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- Discussion about a BIP70 replacement: Thomas Voegtlin started a thread on the Bitcoin-Dev mailing list about a replacement for some of the features of the BIP70 payment protocol, specifically the ability to receive a signed payment request. Voegtlin wants to be able to prove that the address he paid was actually the address provided to him by the receiver (e.g. an exchange). Charles Hill and Andrew Kozlik each replied with information about protocols they’re working on. Hill’s scheme is intended for use with LNURL but could be repurposed to serve Voegtlin’s intended use case. Kozlik’s scheme is closer in spirit to BIP70 but drops its use of X.509 certificates and adds features for exchange-based coin swaps (e.g. trading BTC for an altcoin or vice-versa).
- Fraud proofs in the v0 Discreet Log Contract (DLC) specification: Thibaut Le Guilly started a discussion on the DLC-dev mailing list about the goal to include fraud proofs in the version 0 DLC coordination specification. Two types of fraud were discussed:
- Equivocation: where an oracle signs for the same event more than once, producing conflicting results. A proof of equivocation can be automatically verified by software without third-party trust.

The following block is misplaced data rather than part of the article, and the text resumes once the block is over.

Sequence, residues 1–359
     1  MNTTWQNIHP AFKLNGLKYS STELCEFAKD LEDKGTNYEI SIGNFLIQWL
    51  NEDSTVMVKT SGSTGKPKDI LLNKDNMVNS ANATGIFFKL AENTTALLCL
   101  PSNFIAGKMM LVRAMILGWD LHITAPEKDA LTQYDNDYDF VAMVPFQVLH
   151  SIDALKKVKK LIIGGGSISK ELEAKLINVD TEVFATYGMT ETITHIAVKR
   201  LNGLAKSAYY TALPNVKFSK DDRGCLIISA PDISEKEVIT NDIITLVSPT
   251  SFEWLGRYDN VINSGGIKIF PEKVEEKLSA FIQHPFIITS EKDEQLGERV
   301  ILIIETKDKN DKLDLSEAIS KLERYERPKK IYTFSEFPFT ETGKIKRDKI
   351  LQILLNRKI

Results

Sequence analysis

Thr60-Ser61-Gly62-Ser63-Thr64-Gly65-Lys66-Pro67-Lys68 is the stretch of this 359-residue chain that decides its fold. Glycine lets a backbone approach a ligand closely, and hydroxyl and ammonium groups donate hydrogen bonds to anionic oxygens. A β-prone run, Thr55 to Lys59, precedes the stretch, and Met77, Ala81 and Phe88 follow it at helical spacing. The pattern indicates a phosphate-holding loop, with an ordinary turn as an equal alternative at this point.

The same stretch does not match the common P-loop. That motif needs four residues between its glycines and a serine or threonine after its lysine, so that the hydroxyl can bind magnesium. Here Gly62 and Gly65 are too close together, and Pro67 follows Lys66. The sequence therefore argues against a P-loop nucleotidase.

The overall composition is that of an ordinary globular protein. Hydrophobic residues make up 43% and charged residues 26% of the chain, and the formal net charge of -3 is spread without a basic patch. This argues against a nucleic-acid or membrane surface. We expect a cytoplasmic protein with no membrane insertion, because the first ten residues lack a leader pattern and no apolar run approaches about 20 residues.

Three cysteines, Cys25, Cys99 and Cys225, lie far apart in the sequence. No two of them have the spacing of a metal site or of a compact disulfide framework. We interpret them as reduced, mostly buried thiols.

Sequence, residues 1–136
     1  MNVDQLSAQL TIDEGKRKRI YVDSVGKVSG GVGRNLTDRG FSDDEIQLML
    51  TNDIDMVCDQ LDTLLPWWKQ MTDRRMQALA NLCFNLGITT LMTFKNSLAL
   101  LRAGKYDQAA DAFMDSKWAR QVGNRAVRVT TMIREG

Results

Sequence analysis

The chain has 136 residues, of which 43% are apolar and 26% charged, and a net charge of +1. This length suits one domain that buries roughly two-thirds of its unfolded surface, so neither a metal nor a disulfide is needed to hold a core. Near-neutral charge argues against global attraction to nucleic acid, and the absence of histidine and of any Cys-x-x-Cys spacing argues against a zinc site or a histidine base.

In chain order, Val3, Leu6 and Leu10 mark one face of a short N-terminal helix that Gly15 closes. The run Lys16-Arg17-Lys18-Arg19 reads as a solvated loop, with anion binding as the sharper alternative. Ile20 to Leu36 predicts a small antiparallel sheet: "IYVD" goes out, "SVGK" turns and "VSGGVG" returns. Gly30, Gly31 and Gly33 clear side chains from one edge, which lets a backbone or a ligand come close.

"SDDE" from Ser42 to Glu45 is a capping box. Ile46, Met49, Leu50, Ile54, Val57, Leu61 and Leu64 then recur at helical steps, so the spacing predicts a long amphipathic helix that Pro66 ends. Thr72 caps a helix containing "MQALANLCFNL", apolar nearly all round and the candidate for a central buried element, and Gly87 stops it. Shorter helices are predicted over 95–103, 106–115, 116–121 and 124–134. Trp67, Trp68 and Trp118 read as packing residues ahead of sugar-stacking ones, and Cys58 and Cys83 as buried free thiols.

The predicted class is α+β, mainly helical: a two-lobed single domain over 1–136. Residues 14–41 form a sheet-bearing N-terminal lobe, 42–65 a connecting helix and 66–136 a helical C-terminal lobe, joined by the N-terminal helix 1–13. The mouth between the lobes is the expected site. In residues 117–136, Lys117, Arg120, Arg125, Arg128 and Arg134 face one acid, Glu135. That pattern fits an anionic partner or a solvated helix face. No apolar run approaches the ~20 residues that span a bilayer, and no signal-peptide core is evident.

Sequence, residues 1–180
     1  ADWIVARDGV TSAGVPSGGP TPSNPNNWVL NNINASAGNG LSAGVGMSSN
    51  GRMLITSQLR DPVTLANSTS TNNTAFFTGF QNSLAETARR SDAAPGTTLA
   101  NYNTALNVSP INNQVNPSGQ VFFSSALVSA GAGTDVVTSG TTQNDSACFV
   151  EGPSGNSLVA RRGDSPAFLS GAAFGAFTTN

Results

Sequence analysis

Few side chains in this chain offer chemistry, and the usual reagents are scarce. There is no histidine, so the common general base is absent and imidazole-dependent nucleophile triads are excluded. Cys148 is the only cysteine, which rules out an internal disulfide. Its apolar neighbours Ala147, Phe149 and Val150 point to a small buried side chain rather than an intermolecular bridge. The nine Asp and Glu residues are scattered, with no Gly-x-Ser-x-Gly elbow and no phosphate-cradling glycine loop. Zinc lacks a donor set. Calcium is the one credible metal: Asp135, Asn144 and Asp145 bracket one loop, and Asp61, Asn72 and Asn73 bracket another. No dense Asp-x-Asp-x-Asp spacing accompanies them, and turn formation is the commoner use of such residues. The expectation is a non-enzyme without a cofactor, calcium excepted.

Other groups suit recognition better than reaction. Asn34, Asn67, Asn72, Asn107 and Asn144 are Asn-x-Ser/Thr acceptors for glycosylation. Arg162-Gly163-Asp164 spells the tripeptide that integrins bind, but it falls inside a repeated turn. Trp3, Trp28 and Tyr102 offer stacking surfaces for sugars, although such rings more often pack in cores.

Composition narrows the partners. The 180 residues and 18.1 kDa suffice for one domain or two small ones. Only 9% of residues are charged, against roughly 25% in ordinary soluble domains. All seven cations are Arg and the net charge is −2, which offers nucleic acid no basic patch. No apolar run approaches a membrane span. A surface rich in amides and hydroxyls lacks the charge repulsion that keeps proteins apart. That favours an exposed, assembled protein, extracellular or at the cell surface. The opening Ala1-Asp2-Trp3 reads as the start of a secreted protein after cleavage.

- Lying: where an oracle signs for an outcome that users know is wrong. This will almost always depend on evidence not available to the user’s contract software, so this type of fraud proof must be verified manually by the user, who can compare the original contract to the outcome signed by the oracle.
Discussion participants seemed to all favor providing an equivocation proof, although there was some concern that it could be too much work for the v0 specification. As an intermediate solution, it was suggested to focus on proofs of lying. When the format of those proofs has been established, software can then be updated to take two separate proofs for the same oracle and event to create a proof of equivocation.One concern with proofs of lying was that users could be spammed by fake proofs, forcing users to either waste their time verifying false proofs or give up checking fraud proofs altogether. Counterarguments included being able to get part of the proof from an onchain transaction (which requires that someone paid an onchain fee) and also that users could choose where they download fraud proofs from, preferring to get them from a source that was known for only propagating accurate information.